Television

NBC, Dick Wolf developing “Law & Order” Anthology Series

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The long-running franchise will take a page out of FX’s American Crime Story with Law & Order: True Crime

With the success of FX’s American Crime Story, NBC has turned to Dick Wolf to create a true crime anthology series of its own.

NBC announced that Wolf’s Law & Order empire will expand into the anthology drama business with Law & Order: True Crime. The scripted series is currently in development and will focus on famous real-life criminal cases, similar to  the format of The People v O.J. Simpson, which just wrapped its first season on Tuesday night.

Deadline.com reports that the first season of Law & Order: True Crime will be called The Mendez Brother Murders. The eight-episode run will focus on Lyle and Erik Mendez, who were convicted of the shotgun murders of their wealthy parents and sentenced to life imprisonment without the possibility of parole in 1996.

Jennifer Salke, the president of NBC Entertainment, states that the series has been in development for quite some time. “We’ve been talking with Dick about how to create an event series coming out of the Law & Order ripped-from-the-headlines brand. This case captured the public’s attention like nothing before it as it examined taboo issues such as patricide and matricide in gruesome detail, all against a backdrop of privilege and wealth,” she said. “We will re-create the cultural and societal surroundings of both the murders and trials when people were not only obsessed with the case but examining how and why these brothers committed these heinous crimes.”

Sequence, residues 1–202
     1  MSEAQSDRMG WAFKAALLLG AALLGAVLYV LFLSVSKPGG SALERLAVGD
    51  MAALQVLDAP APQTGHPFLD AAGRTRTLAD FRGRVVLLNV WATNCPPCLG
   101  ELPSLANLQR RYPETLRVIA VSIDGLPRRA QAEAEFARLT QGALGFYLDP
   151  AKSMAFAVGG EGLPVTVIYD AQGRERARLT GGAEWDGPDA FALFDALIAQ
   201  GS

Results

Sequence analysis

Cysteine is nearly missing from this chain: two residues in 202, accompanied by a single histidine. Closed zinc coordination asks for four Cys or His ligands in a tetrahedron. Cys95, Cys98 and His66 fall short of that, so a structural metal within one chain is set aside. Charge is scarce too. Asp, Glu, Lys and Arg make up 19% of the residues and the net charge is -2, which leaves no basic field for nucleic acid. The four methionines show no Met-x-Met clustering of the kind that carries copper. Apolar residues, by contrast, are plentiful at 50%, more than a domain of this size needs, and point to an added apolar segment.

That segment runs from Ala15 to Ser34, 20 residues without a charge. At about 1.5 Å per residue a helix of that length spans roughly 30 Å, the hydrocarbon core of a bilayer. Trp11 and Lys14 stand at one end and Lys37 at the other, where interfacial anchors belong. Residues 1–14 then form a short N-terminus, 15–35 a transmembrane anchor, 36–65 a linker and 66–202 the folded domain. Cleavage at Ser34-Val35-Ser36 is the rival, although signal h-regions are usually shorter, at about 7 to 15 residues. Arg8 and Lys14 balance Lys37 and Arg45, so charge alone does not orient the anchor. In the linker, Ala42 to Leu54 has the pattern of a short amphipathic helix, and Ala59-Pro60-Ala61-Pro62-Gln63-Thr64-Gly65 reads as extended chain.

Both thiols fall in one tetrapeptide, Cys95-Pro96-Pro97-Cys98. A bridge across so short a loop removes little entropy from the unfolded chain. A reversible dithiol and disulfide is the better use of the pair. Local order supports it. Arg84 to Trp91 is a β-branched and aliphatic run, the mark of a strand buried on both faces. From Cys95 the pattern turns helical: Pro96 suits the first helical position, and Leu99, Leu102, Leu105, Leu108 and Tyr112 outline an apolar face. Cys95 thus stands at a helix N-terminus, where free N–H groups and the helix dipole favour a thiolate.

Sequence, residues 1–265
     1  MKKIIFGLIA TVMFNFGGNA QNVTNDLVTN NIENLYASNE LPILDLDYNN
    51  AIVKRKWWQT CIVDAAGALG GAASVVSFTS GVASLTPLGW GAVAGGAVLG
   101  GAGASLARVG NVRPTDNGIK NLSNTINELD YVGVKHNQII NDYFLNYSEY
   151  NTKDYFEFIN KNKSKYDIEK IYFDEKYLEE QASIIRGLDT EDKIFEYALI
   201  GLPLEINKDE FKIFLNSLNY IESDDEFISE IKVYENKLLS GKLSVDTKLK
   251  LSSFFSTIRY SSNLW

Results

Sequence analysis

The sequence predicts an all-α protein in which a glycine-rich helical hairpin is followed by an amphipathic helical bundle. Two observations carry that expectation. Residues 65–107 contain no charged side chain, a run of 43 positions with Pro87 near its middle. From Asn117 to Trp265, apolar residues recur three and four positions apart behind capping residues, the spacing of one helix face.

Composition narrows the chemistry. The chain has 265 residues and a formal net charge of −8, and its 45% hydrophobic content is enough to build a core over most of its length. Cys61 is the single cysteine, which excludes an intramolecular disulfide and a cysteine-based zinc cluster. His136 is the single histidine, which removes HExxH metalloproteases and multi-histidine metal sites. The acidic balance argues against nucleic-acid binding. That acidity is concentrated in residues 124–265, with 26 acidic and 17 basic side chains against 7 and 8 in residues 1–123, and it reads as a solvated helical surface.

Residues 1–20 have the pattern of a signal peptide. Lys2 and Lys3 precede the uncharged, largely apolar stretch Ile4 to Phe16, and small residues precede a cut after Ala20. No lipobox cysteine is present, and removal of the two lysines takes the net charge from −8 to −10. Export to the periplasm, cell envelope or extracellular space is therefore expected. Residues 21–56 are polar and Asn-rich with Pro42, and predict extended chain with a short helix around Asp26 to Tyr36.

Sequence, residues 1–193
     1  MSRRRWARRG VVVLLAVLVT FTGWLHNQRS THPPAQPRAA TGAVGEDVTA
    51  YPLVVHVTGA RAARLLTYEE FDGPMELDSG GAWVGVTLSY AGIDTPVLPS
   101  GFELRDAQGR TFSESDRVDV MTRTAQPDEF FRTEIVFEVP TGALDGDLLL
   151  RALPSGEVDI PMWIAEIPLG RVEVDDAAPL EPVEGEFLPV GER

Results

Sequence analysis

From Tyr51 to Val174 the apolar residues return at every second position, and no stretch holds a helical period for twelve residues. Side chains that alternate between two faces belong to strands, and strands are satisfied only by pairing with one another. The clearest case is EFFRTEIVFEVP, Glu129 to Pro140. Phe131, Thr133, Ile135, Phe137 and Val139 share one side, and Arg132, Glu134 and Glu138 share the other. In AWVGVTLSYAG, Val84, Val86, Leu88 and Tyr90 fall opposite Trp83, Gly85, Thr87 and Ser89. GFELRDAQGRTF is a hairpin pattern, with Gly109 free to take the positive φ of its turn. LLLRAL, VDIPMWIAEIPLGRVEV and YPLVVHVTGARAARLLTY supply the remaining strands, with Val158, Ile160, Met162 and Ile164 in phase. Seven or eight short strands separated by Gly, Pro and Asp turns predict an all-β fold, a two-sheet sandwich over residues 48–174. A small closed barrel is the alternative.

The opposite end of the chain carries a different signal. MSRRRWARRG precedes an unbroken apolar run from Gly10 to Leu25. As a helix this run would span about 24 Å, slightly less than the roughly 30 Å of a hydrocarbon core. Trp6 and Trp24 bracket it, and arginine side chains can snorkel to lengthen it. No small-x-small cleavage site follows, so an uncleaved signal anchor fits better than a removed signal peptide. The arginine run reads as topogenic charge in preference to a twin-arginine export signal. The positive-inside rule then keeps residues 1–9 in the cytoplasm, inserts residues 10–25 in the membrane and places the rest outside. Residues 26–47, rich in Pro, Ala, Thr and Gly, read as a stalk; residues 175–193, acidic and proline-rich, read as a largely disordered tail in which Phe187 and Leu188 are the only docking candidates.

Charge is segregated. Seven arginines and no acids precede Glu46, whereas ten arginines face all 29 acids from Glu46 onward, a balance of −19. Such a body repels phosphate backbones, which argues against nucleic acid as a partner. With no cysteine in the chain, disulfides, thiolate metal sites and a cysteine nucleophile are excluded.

The “obsession” Salke refers to was due to Court TV’s broadcast of the trial in 1993, creating a national sensation. Lyle and Erik were both 21 and 18, respectively, at the time the murders took place in 1989.

Law & Order: True Crime would be the first new scripted Law & Order series since Law & Order: LA, which was cancelled in 2011 after 1 season. Wolf already has 4 series currently airing on NBC (Law & Order: SVU, Chicago Fire, Chicago P.D., Chicago Med) with a fourth Chicago series in development to air next fall, Chicago Law.

Here’s the description of the Mendez Murders from the Deadline article.

Home in their Beverly Hills mansion on the night of August 20, 1989, Jose Menendez, a movie executive, was shot in the head, and police found Kitty Menendez with bullet holes throughout her body. The crime scene was so gruesome that police initially suspected a mafia hit.

After spending lavishly for six months following the murders, the brothers were arrested. Erik Menendez had confessed to his psychologist, and the tapes of those conversations later were ruled admissible. Lyle Menendez was arrested after police believed he was attempting to flee the country.

Defense attorney Leslie Abramson represented the brothers through the three trials and claimed they had suffered a lifetime of abuse from their parents. Their father Jose was accused of sexual abuse as well as being unusually cruel, while Kitty was accused of being mentally unstable and a violent drug and alcohol abuser. Jurors ultimately rejected those claims. Following the conviction, jurors said they believed the brothers’ motive was to gain their parents’ immense wealth and fortune.

As of 2008, both were serving their life sentences in the California Department of Corrections.

Are you looking forward to a Law & Order true-crime anthology series? Let us know what you think in the comment section below.

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